Objective: To compare the risk of death in a cohort of Western Australian released prisoners with the risk experienced by the general population of Western Australia.Methods: A cohort study of prisoners in Western Australia whose last date of release ranged from 1 January 1994 to 1 January 1999. Overall mortality and cause of death were determined by data linkage to the Registrar General's record of deaths.Results: Aboriginal prisoners had a significantly lower survival rate after release than non-Aboriginal prisoners (p<0.0001). When compared with their peers in the Western Australian community, both Aboriginal and non-Aboriginal prisoners were found to have an increased relative risk of death. Female non-Aboriginal released prisoners aged between 20 and 40 years were 17.8 (95% Cl 8.1-27.5) times more likely to die than other female non-Aboriginals in Western Australia in the same age range. Male non-Aboriginal prisoners aged 20-40 years were 6.3 (95% Cl 5.2-7.4) times more likely to die than their counterparts in the WA community. Female Aboriginal released prisoners were 3.4 (95% Cl 1.2-5.6) times more likely to die than their peers, while male Aboriginal released prisoners were 2.9 (95% Cl 2.23.5) times more likely to die. In their first six months after release, female non-Aboriginal prisoners aged 20 to 40 years were 69.1 (95% Cl 17.9-120.3) times more likely to die than their counterparts in the WA community. The main causes of excess death were related to drug and alcohol abuse.Conclusion: All prisoners were at greater than expected relative risk of death after release from prison, with female non-Aboriginal prisoners at particularly high relative risk.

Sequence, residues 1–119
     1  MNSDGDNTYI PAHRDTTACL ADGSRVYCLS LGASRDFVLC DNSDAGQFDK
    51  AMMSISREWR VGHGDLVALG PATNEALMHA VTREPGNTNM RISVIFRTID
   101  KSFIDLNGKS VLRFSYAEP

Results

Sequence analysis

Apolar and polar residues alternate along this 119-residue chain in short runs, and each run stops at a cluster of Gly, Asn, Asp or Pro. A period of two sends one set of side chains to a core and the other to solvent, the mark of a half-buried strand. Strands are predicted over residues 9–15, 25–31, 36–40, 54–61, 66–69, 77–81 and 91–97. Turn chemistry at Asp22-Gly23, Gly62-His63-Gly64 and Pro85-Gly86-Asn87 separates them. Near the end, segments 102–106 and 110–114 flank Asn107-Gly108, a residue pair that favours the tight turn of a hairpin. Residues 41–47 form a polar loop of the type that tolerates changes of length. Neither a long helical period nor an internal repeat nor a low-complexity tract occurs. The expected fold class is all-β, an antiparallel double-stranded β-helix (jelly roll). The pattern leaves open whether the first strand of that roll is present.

|Journal||Australian and New Zealand Journal of Public Health|
|Publication status||Published - 2004|